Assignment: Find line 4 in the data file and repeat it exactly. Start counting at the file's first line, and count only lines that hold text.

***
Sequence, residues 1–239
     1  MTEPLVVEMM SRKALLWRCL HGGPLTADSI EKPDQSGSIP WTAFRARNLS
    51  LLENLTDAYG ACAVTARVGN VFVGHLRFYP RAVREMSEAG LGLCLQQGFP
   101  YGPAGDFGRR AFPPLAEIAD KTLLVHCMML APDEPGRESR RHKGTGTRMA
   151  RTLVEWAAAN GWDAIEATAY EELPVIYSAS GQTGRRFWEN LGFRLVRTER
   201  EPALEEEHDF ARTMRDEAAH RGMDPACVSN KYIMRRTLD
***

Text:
   101  YGPAGDFGRR AFPPLAEIAD KTLLVHCMML APDEPGRESR RHKGTGTRMA